IMG_20201010_175739.jpg
    https://www.thingiverse.com/thing:2588021
    https://www.thingiverse.com/thing:1917553

    Another vase. With bit more retraction and reduced the perimeter/infill overlap. This one failed, not because of failed filament change but because the red filament broke during print while coming from the roll. In this case a filament sensor would have been nice. Kinda wonder what caused the break, the brand is 3DJake which isn't the cheapest. Anyhow, measured the position where the red stopped extruding and printed the rest of it, hopefully I can glue the parts and get a proper vase.
    IMG_20201003_150308.jpg IMG_20201010_132025.jpg
    https://www.thingiverse.com/thing:1917508

    So 4 extruders tested, 2 more to go. Perhaps another vase, that gives a good exercise to filament change setup if the colors go all the way, this one looks interesting: https://www.thingiverse.com/thing:1917511

  5. #35
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    Woa. That ghostbusters logo came out right. White is a hard color to get without the bleeding. So let me ask you the real question here. Do you know how to make multi colored 3d models? This is my next step to overcome. I understand how to load them into a slicer and tell each extruder what part to print and get it sliced and started to print. And I know how to make things in autodesk 123d design(don't hate). But it is absolutely beyond me how i would make seperate models that stay seperate but know where to go in relation to each other when they are loaded together? Also I want to see how that vase came out after the repair.

  6. #36
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    Yeah, color bleeding is an issue with some colors. Only way to mitigate that is to increase the purge which means more waste.

    I have done some multi-color models, here's one: https://www.thingiverse.com/thing:3167549, OpenSCAD source here: https://github.com/spegelius/3DModels/tree/master/UFO. The head is designed to be printed as multi-color part.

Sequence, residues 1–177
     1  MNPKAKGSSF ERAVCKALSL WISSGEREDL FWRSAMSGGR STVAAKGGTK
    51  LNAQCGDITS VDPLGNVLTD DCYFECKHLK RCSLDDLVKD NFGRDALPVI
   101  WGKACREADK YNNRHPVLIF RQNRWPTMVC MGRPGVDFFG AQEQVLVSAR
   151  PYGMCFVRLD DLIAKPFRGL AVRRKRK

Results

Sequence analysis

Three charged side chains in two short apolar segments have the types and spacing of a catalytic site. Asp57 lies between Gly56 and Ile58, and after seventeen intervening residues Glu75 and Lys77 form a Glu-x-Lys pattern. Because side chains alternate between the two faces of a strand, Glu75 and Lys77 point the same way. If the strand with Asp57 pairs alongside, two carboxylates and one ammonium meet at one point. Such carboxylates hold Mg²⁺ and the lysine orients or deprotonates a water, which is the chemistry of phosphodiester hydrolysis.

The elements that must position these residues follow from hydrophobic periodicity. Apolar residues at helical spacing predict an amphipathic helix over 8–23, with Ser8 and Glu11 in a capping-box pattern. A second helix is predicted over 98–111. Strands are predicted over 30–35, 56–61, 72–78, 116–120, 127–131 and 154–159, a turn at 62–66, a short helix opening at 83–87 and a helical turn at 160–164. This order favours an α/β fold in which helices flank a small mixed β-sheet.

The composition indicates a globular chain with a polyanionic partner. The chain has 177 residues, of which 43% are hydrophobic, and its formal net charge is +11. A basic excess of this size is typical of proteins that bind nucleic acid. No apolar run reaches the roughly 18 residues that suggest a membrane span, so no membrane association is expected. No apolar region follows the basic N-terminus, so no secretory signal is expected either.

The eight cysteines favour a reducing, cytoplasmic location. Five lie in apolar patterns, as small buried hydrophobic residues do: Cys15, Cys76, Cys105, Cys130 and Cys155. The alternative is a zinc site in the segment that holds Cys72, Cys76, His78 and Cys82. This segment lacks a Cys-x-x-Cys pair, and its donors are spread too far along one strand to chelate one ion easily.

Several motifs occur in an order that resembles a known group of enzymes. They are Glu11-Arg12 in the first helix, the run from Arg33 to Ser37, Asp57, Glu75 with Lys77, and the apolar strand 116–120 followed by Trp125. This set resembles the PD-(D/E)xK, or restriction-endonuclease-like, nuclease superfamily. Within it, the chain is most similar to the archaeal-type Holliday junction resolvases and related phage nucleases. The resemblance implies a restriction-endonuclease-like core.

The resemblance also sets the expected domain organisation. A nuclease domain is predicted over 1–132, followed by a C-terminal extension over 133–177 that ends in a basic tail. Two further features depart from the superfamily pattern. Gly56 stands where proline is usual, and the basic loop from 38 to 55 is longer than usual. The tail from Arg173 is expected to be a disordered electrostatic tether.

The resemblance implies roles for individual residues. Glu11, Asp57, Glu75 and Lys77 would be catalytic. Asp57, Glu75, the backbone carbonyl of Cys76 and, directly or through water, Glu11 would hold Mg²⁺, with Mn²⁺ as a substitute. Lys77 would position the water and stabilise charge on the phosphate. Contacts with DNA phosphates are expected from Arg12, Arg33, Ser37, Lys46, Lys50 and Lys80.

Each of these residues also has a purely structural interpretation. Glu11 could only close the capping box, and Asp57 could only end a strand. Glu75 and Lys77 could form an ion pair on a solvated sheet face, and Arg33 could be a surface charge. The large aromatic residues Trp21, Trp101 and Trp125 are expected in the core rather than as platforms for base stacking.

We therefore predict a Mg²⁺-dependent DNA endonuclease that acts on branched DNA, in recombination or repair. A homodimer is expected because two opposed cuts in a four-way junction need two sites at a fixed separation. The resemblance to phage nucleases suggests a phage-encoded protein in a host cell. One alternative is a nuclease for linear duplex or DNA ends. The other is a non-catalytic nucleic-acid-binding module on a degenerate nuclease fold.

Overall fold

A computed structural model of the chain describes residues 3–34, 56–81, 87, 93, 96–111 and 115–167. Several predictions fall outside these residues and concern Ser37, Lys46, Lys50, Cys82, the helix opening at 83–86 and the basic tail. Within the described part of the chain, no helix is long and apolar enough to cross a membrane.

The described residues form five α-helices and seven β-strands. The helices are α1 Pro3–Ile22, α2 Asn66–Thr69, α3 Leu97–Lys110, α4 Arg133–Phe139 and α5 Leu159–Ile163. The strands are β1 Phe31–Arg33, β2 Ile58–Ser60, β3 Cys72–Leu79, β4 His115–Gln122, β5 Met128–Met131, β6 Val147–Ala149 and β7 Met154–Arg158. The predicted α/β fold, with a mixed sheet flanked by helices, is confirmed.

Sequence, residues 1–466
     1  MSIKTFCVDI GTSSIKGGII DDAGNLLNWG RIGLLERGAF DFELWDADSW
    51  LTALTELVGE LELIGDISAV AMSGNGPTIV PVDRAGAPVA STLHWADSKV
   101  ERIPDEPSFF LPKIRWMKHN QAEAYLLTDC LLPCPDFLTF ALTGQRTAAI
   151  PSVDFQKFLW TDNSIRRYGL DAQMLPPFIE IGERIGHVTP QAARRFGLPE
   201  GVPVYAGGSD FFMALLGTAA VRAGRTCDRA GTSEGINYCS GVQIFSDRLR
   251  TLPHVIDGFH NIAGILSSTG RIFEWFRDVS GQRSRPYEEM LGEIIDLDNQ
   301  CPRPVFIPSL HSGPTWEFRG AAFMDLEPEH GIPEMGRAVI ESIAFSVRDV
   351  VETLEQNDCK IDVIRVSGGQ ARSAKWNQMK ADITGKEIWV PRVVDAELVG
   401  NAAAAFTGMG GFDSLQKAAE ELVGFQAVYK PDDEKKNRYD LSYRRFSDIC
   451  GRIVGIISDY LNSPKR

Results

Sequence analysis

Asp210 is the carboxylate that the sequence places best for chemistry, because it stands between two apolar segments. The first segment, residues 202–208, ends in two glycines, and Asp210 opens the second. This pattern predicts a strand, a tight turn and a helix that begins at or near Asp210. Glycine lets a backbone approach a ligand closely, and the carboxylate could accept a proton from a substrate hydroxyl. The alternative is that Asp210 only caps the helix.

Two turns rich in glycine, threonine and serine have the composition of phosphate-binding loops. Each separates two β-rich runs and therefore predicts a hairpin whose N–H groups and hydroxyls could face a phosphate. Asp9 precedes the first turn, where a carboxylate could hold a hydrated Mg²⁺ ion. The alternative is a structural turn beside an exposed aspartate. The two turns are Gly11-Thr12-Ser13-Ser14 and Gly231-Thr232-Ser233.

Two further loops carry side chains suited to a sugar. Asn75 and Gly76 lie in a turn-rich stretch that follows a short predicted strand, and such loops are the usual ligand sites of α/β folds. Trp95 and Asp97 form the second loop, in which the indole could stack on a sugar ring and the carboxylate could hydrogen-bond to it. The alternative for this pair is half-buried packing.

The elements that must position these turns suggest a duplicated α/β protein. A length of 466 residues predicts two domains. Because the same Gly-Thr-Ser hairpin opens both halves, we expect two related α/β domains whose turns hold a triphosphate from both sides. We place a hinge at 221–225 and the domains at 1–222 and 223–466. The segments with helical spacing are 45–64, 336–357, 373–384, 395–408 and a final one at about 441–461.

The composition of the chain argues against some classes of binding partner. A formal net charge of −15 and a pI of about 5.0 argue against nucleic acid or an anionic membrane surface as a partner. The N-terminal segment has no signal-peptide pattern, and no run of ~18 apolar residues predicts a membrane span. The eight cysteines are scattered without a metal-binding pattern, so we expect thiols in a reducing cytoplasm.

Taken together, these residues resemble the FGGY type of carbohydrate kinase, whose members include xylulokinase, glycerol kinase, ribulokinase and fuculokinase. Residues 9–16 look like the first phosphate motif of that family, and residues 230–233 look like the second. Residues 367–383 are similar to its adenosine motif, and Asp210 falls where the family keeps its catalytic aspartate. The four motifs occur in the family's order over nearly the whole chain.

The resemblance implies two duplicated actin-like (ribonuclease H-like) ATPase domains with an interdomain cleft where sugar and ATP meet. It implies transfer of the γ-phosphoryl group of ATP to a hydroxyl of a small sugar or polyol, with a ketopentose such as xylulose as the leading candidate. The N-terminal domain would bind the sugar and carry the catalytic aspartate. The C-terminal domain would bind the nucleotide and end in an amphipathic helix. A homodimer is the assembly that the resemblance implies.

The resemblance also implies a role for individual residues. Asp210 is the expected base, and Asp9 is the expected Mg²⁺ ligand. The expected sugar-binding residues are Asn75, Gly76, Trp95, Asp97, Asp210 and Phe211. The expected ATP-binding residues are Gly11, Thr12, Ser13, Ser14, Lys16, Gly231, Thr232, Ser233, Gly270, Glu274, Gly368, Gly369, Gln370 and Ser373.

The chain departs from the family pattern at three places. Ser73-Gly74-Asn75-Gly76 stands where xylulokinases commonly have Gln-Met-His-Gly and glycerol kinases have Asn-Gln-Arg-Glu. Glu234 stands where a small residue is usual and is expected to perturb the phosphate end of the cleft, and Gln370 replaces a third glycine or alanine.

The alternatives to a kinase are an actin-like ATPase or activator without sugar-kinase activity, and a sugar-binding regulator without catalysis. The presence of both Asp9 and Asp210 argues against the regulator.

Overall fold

Also some test models I've used with testing my post-processing software: https://github.com/spegelius/3DModel...ter/Multicolor
    Designing multi-color parts isn't that hard, basically it's just designing the main body and the other parts that are then removed from the main part. The stls need to exported so that they are on their correct positions, helps a lot when importing to slicers. At least with OpenSCAD, this just happens.

    Different slicers do the multi-color thing bit differently:
    - when mporting multiple models, PrusaSlicer asks if the models are part of a multi-color model and assembles them automatically. Not sure if it's possible the adjust individual model position after this so make sure the models are exported with proper positions. It also assigns an extruder for each model, but there's no real logic, it just starts from 1 and increments it per model so you'll need to update the assignment yourself.
    - Simplify3D does some automatic arrangement an the parts are spread around the bed. To get them positioned correctly, I select them all (Ctrl +a ) and then Edit-> Align Selected Model origins. If the models are exported with proper coordinates, the parts should be properly aligned. If not, you'll have option to modify each model's coordinates, but that's like herding cats, would not recommend. After this it's a good idea to select all and Edit->Group Selection so the models are kinda locked to each other. To assing extruders, you can use Tools->Dual Extrusion wizard, but that's limited to 2-colors so if you are using more than two, you'll need to add more processes and configure them manually
    - KISSlicer just arranges the models based on origin coordinates when selecting multiple models so it should just work. No fancy manual positioning in KISS so you'll need the models to be exported in proper positions. You'll need to assing the extruders, by default they are printed with the default extruder.
    Last edited by spegelius; 10-11-2020 at 05:49 AM. Reason: typos

  7. #37
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    Printing ~3 years old PVA is a b!tch. PVA is a water soluble maerial, similar to BVOH but not as good. I bought a roll of FormFutura PVA some time during 2017 I think, with the intention of actually using it. Well after some tests the roll went to the back of my filament storage and was kinda forgotten, because with my first dual color setup, Prometheus, the results weren't very good. The PVA didn't stick too well to PLA and during filament changes it would break way too often when it was being pulled out of the nozzle.

    But occasionally I have thought about using it, it wasn't cheap. Now that I have the MMU2S, I thought to give it another go. There was a mention somewhere that the roll should be used within 12 months, but f that.